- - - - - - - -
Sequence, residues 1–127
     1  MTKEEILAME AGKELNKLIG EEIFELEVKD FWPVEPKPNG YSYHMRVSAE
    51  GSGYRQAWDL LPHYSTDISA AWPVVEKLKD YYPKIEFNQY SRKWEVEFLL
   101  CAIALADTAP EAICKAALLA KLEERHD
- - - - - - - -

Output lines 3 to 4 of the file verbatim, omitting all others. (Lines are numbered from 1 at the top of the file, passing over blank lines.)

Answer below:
    51  GSGYRQAWDL LPHYSTDISA AWPVVEKLKD YYPKIEFNQY SRKWEVEFLL
   101  CAIALADTAP EAICKAALLA KLEERHD